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American Furniture, Decorative Art & Folk Art

5 Questions for Majestic Steel CEO and President Todd Leebow

NEW YORK – Part of a fourth-generation steel family and the CEO and President of Majestic Steel, the company his father founded in 1979, Todd Leebow embraces his product as both a national – and personal – calling. Today, he’s continuing steel’s legacy of innovation in a number of ways, including as a material primed for the country’s leading artists and designers. Ahead of Americana Week, when a Majestic Flag will be on display at Sotheby’s New York, we spoke with Leebow about the creative potential of steel.

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TODD LEEBOW. PHOTO: COURTESY OF MAJESTIC STEEL.

Majestic Steel, which was started by your father, carries on the legacy of quality American steel. Why do you feel heritage remains so important to your brand?
If you think about how this country was built, it was built on steel. There’s a lot of history in our industry, and as a company, Majestic is about heritage. We look to continue that legacy and carry the industry forward into the next generation. Majestic has reinvested into technology, brought youth into the organization and really created a brand in steel. Millennials want to see how things are made and want to be a part of making things. I think the steel industry could help bring that to the forefront again.

How do you see steel’s potential as a creative product?
There are no limitations with steel. As long as we know the application, we can figure out how to make the material work, whether it’s creating an art installation or collaborating with a designer or architect. Majestic uses steel for both its functional and aesthetic capabilities. Our idea is to create demand for the product by thinking of new ways to use it artistically. Everywhere I go I look for steel, or if I see another material I think, “Can steel replace this?”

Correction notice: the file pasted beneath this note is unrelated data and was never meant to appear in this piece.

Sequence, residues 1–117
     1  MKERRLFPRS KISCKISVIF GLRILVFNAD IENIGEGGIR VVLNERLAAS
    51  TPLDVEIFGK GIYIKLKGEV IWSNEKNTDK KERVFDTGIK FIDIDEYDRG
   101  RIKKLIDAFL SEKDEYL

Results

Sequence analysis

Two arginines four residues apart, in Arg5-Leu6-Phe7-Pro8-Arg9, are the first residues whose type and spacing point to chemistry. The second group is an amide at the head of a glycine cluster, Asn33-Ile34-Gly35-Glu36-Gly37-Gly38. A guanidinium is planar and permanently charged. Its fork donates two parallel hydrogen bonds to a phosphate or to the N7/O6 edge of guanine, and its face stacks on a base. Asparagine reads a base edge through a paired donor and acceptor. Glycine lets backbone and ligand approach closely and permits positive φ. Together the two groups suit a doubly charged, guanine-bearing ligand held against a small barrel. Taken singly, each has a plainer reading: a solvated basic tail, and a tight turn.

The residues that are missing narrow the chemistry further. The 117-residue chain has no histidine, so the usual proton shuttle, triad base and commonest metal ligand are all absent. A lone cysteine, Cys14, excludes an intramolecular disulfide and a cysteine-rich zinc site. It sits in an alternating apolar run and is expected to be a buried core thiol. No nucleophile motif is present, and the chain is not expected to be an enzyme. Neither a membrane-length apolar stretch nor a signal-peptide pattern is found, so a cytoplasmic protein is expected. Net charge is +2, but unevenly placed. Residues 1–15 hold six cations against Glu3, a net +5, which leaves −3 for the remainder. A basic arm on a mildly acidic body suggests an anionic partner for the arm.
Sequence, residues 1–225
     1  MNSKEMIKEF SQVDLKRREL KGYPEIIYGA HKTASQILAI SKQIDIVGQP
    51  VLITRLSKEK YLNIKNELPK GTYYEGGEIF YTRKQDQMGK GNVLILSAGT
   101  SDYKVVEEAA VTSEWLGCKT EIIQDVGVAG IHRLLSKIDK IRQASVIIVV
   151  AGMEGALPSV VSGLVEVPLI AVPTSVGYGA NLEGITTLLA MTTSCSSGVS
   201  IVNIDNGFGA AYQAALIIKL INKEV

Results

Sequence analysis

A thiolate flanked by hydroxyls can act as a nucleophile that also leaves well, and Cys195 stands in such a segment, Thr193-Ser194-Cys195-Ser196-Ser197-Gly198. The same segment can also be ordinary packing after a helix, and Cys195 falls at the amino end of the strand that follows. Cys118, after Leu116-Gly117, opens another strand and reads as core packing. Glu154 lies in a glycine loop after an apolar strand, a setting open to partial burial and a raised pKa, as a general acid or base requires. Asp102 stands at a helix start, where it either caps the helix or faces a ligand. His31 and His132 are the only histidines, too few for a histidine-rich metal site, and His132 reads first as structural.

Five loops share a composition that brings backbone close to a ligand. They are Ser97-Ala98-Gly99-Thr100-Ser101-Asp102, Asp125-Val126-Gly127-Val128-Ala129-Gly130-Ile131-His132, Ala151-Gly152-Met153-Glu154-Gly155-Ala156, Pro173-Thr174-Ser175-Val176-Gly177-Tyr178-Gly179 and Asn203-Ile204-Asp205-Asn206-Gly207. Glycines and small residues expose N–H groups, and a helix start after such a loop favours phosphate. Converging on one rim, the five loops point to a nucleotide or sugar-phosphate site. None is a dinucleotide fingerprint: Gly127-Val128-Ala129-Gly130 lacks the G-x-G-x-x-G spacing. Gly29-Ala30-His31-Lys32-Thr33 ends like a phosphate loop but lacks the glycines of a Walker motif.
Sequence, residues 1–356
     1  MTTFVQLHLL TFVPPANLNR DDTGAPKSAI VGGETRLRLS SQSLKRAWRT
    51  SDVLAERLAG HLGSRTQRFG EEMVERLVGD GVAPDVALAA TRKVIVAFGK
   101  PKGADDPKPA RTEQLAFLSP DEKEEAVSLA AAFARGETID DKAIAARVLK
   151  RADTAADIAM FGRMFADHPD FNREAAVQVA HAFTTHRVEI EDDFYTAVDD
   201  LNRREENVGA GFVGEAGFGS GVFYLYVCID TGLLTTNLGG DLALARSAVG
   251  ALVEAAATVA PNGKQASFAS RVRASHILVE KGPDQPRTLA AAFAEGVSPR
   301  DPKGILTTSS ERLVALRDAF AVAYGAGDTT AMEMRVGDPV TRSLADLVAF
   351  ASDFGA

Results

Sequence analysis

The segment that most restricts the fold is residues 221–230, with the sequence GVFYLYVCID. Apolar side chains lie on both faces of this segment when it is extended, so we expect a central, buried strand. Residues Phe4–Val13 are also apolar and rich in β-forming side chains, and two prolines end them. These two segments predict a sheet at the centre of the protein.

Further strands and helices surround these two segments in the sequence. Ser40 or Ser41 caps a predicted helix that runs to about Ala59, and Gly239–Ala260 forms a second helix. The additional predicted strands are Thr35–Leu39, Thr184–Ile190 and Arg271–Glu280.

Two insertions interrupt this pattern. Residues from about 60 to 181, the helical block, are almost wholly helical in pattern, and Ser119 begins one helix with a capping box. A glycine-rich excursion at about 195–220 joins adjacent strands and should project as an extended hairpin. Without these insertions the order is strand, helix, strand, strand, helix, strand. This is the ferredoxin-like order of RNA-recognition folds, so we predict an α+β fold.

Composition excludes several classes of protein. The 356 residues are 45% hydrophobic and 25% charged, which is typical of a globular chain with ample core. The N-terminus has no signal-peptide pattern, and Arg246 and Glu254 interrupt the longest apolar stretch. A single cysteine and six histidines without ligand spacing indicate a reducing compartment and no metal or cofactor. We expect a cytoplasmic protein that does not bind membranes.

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A MAJESTIC FLAG IN STEEL ON STEEL. PHOTO: COURTESY OF MAJESTIC STEEL.

I read that Majestic Steel has commissioned pieces by artists, including Stephen Yusko, and started a program called the Majestic Steel Art Collection. Could you speak a bit about that program and your plans for working with contemporary artists and designers?
When we rebuilt our corporate headquarters in 2009, one of things we focused on was utilising our steel products, local contractors and American artists. Steel is everywhere in a construction project, but a lot of people don’t necessarily see it. We wanted to showcase our product in as many ways as possible throughout the space, whether it was exposing the decking and structural beams or commissioning artists like Stephen to do featured pieces with steel, like a reception desk or wall art. We also brought an artist on staff, Raymond Bugelski, who worked on the Majestic Flags. This is a launch pad to continue down the path of collaborating with more world-class artists and designers to innovate with steel like no one has before. Ultimately, we’d love to create a suite of Majestic Steel products that are contemporary, unique, artistic and design-centric.

What inspired you to begin the Majestic Flags project?
Because of what America was going through in terms of the recession, we wanted to create a piece that represents pride in our country. Steel is the backbone of the industrial world and we’re an American company, so it also shows support for American jobs and businesses.

Looking forward, what is your vision for Majestic Steel?
As a company, we want to take steel into the next generation. It’s not only about innovating with a product, but innovating as an organization, utilizing technology as a differentiator, attracting youth to an industry that has been around a long time, creating a greater focus on American manufacturing and bringing a culture to steel that, right now, the industry doesn’t have. Steel, I think, has lacked brand recognition, and because of that its relevancy had kind of fallen by the wayside. We’re well positioned to be at the forefront of making steel relevant – and there’s a lot of opportunity.

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